But here’s the problem with TV comedy: it’s all a matter of rhythm. Comedy is the result of the unexpected, of broken rhythms. Most TV comedies today have the same rhythms, and they’re all familiar. It’s the TV school approach to comedy, making sure this beat comes here, that one there, the hook comes here, the reverse there. Which is why most of it feels mechanical. Whatever you can say about THE SIMPSONS, the show made a career out of breaking rhythm as often as possible. Most comedies are more concerned with having likable (or likeably obnoxious, more often than not) characters than in actually being funny. They quickly settle into their own rhythms, which are everyone else’s rhythms, with no eye on left field. Are networks enforcing the steady rhythms, on the premise that audiences are soothed by having things familiar and expected? The expected is the enemy of comedy. And that’s why comedy on American TV is all but dead. (I haven’t seen EVERYBODY HATES CHRIS yet… and there’s always ARRESTED DEVELOPMENT…)
My two books – a collection of essays on comics, creativity, modern culture and the freelance life called TOTALLY OBVIOUS: the complete Master Of The Obvious (~300 pgs), and a collection of political essays covering the Terror Years (2001-2005) called IMPOLITIC: A Journal Of The Plague Years, Vol. 1 (~250 pgs) – are available in pdf e-format at The Paper Movies Store. $5.95@. But because the response was so good, I’m once again offering both for a combined price of $10.95, a whopping savings of a buck! Consider the offer permanent now.
A children’s book with a strikingly adult sensibility. It’s a simple story – as a young girl grows up, she sporadically plays in the woods with an imaginary (?) salamander playmate – but while simple in visuals and light on words, there are volumes in it about innocent sensuality and the mythic power of imagination, without being prosaically obvious about any of it. It’s an amazingly haunting little work.
TOZZER 2 SPECIAL EDITION by Rob Dunlop & Peter Lumby, 128 pg color trade paperback (Ablaze Media;$14.95)
For months I’ve been giving TOZZER 2 in its comics incarnation negative reviews, and for months Rob Dunlop has been telling me it gets better. And whaddayaknow? It does! Not that it’s a work of genius or anything, but Dunlop and Lumby wisely opted to forego comics publication of the final chapters and just go for book form, and, as a result, it reads smoother, the jokes (many set up long range) make more sense. The story of a young aspiring magician attending a crazy drama school, the series takes MAD-style shots at everyone from Michael Jackson to Michael Moore, shamelessly “references” a slew of movies like PHONE BOOTH, THE MATRIX and INCREDIBLE HULK, and somehow by the end it all kind of makes sense as a story. You’ve got to have a lot of stomach for fairly low-level parody but final verdict? It’s not bad…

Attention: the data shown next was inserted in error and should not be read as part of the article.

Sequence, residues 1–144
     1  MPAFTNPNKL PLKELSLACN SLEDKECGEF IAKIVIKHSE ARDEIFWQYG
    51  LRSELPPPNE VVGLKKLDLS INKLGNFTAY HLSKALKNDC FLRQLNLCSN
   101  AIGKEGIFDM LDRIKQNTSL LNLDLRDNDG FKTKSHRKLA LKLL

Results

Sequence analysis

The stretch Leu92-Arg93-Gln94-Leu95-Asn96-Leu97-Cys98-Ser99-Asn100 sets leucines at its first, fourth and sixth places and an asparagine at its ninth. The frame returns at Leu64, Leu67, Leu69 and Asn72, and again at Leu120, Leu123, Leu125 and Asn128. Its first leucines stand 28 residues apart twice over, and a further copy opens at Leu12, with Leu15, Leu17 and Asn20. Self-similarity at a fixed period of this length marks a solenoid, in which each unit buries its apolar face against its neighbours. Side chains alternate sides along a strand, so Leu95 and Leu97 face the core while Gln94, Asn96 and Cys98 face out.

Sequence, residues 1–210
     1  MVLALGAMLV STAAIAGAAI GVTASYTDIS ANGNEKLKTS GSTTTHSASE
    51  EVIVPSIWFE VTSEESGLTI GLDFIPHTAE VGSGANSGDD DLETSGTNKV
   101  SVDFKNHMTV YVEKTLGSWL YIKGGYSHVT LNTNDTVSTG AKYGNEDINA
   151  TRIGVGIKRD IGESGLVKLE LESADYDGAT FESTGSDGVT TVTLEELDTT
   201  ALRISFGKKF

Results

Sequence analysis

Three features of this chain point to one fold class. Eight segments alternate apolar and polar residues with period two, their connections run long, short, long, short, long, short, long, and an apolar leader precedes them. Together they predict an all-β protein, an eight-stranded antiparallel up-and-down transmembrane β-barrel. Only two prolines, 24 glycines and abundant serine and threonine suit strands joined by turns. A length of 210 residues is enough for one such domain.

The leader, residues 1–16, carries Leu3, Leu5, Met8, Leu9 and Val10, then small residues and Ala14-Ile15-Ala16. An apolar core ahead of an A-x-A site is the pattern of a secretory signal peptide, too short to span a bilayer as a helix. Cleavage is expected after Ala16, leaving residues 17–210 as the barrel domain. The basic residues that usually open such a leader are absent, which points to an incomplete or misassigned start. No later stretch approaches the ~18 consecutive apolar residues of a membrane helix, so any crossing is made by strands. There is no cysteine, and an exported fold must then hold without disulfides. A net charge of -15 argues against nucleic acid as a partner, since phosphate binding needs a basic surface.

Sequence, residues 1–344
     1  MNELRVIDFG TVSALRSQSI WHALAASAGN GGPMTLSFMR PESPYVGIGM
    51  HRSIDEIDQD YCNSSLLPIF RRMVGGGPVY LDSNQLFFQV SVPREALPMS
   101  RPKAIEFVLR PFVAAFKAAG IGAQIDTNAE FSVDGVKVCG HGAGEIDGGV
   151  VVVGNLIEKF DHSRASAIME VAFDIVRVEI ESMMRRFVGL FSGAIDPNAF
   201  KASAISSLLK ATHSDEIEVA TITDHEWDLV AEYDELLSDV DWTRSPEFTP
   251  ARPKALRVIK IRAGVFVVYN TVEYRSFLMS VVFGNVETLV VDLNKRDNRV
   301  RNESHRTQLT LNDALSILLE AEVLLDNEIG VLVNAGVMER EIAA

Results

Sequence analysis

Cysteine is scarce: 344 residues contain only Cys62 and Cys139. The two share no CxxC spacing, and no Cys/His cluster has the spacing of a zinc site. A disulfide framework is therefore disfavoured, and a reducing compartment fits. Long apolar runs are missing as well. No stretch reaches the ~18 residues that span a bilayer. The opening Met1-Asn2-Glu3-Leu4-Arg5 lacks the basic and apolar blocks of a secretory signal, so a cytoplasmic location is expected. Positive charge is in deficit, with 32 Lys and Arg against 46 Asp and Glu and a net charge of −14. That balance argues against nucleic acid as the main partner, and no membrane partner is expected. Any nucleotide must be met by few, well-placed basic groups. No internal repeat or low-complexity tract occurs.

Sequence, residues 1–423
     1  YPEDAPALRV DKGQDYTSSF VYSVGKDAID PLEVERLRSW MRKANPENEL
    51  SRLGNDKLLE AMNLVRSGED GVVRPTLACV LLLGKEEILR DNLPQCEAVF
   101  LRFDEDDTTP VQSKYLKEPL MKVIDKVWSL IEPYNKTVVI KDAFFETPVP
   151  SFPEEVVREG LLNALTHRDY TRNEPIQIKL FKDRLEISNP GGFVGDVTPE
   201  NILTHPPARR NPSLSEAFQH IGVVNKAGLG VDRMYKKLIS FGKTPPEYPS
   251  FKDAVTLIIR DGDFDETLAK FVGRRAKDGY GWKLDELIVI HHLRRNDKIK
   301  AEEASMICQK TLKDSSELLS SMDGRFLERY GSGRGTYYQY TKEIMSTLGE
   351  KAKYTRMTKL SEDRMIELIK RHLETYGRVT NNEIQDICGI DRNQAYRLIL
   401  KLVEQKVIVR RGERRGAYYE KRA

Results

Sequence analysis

Those wishing to comment should leave messages on the Permanent Damage Message Board. You can also e-mail me but the chances of a reply are next to nil these days, given my workload, though I do read all my e-mail as long as it’s not trying to sell me something. IMPORTANT: Because a lot of people apparently list it in their e-address books, this account has gotten a slew of virus-laden messages lately. They’re no real threat but dealing with them eats up time I don’t really have, to the extent I can no longer accept unsolicited e-mail with attachments. If you want to send something via attachment (say, art samples) ask me first. If I say okay, then send. Unsolicited e-mail with attachments will be wiped from the server without being read. You can also leave messages for me and have discussions on other topics at my Delphi forum, GRAPHIC VIOLENCE. Please don’t ask me how to break into the business, or who to submit work to. The answers to those questions are too mercurial for even me to keep up with.
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I’m reviewing comics sent to me – I may not like them but certainly I’ll mention them – at Steven Grant c/o Permanent Damage, 2657 Windmill Pkwy #194, Henderson NV 89074, so send ’em if you want ’em mentioned, since I can’t review them unless I see them. Some people have been sending press releases and cover proofs and things like that, which I enjoy getting, but I really can’t do anything with them, sorry. Full comics only, though they can be photocopies rather than the published version. Make sure you include contact information for readers who want to order your book.